© 2011 Frederic M. Douglas. All Rights Reserved.
People often want to form a band or other musical group to get gigs, record music, and basically, make money in exchanging for plunking on instruments and looking cool. However, you need to make sure that the problems do not cause the money to become funny and keep the group happy and willing to stay together for everyone's benefit.
Groups fall apart for various reasons, ranging from problems with finances, loyalty, and petty jealousies. While drama can be unavoidable, having a strong agreement, in writing, can help to provide clarity on management and financial issues. A musical group should start with drawing up documents to form a corporation, limited liability company, or other organization to limit personal liability and use tax advantages not available to individuals and partnerships.
But what if your group members are tentative, in transition, or just plain old unsure if they want to associate together in the music business? For example, California usually charges $800 per year for corporations before making their first dime of income. Do not just move forward without getting something in writing. Otherwise you will probably never get the group members to later commit themselves in writing to form the official corporation. Then you will have unclear where you stand as to songs written by group members, performances recorded, concert earnings, merchandise revenue, and many other issues. For example, do you want one guy leaving and using the group's name and songs with another group?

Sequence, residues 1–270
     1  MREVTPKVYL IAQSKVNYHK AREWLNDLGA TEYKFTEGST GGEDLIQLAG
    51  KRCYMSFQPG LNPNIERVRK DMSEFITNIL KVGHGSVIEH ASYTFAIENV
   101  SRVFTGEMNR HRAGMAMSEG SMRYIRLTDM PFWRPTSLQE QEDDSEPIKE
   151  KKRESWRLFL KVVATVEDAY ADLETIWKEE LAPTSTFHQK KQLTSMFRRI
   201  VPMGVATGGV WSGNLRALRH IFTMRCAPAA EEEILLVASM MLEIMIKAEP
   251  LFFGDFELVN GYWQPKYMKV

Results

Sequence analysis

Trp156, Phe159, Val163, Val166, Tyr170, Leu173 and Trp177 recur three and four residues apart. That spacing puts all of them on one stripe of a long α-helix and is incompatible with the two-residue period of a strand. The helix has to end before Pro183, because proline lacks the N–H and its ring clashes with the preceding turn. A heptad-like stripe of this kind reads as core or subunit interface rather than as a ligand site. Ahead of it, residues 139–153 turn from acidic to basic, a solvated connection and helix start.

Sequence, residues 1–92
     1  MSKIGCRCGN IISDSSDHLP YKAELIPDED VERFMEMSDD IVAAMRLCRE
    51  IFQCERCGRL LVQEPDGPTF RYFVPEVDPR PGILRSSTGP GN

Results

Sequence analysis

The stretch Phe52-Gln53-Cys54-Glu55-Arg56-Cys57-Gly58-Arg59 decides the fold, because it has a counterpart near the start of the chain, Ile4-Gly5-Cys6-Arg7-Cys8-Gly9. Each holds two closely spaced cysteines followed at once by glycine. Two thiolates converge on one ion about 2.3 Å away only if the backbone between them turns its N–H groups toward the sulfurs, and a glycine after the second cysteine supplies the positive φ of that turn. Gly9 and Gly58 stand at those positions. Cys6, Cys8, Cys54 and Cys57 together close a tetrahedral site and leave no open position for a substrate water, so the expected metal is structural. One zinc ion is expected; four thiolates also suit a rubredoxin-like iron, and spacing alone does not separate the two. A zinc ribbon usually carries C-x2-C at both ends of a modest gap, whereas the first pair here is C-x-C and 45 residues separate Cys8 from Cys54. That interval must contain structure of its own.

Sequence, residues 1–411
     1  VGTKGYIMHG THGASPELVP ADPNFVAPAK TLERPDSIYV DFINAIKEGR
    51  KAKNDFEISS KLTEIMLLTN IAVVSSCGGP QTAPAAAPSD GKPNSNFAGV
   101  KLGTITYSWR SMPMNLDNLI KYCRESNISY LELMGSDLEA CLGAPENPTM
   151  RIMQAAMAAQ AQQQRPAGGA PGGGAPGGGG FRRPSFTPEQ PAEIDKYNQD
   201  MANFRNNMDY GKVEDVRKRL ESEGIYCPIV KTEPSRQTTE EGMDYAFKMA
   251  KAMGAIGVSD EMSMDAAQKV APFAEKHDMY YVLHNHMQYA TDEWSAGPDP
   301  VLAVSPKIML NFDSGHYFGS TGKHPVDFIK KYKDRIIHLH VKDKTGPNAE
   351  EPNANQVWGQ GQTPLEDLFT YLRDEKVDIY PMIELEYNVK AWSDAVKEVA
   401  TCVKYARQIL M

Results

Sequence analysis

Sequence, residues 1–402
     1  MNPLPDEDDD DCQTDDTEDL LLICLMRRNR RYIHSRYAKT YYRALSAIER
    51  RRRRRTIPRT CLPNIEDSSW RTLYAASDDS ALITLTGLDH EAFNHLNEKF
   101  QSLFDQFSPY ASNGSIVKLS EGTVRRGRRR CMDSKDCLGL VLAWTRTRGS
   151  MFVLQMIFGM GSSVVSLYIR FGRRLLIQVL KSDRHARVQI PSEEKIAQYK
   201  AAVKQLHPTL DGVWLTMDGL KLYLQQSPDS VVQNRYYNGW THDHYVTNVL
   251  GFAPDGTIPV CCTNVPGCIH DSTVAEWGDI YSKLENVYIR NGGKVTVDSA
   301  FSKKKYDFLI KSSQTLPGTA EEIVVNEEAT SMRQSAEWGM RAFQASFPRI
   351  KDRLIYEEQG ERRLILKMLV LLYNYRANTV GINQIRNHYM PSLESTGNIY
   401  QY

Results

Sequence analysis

If you do not have the time or ability to form a group corporation, consider drawing up a pre-incorporation agreement. Such an agreement might also be useful when thinking of paying fees and taxes for incorporation charged by state governments
A pre-incorporation agreement can serve to record the member's intent to incorporate and a basic understanding of how the corporation will operate once formed. Some may consider the pre-incorporation agreement to be a waste of time, seeing as the same terms will be in the actual corporate documents anyway. However, the pre-incorporation agreement may help to protect everyone's interests during the transition period before corporate formation. Also, as a practical matter, any negotiation over the terms of the pre-incorporation agreement can reveal problems that prompt people to exit before going through the hassle and expense of forming the corporation.
One rampant issue is who gets credit for authoring the group's music. If group members cannot agree on how songwriting credit (and consequently, royalties) is allotted, they are not likely to agree after the opus becomes a hit.
Get it in writing first, unless you like paying lawyers money to attempt to correct your mistakes.
Frederic M. Douglas is an intellectual property attorney based in Irvine, California with clients all over the world.